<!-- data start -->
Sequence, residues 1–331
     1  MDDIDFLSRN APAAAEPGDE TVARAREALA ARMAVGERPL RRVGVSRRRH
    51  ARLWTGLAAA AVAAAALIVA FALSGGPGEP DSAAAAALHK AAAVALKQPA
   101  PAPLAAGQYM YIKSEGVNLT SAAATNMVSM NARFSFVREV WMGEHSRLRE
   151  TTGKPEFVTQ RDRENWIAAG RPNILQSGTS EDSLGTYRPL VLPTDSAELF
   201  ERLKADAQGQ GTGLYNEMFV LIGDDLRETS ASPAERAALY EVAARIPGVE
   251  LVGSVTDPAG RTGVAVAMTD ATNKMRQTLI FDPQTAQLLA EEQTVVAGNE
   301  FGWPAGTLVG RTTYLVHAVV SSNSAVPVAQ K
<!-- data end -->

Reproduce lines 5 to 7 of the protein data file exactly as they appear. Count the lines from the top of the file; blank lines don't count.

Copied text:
   151  TTGKPEFVTQ RDRENWIAAG RPNILQSGTS EDSLGTYRPL VLPTDSAELF
   201  ERLKADAQGQ GTGLYNEMFV LIGDDLRETS ASPAERAALY EVAARIPGVE
   251  LVGSVTDPAG RTGVAVAMTD ATNKMRQTLI FDPQTAQLLA EEQTVVAGNE